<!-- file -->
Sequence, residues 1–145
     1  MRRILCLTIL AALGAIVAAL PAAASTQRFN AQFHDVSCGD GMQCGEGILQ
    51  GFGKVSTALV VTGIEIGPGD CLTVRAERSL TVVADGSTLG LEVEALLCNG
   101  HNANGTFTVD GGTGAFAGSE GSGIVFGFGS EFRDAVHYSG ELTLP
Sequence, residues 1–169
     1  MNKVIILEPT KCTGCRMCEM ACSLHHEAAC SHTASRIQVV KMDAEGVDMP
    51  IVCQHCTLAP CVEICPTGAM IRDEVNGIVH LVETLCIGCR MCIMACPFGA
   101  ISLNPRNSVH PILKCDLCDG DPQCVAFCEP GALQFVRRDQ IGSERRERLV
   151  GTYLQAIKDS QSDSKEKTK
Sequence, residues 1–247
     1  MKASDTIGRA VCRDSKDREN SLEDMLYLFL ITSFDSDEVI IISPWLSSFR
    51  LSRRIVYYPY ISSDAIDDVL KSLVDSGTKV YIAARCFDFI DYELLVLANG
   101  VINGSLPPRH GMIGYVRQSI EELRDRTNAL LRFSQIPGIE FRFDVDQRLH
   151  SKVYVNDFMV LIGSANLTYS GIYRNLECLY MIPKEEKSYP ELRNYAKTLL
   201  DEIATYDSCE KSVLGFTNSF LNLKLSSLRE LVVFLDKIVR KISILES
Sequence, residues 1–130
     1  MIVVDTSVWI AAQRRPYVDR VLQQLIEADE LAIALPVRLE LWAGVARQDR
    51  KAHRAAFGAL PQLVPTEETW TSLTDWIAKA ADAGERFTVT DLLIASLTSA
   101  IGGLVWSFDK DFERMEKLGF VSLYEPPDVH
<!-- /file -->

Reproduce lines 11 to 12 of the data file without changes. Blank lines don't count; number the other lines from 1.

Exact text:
     1  MKASDTIGRA VCRDSKDREN SLEDMLYLFL ITSFDSDEVI IISPWLSSFR
    51  LSRRIVYYPY ISSDAIDDVL KSLVDSGTKV YIAARCFDFI DYELLVLANG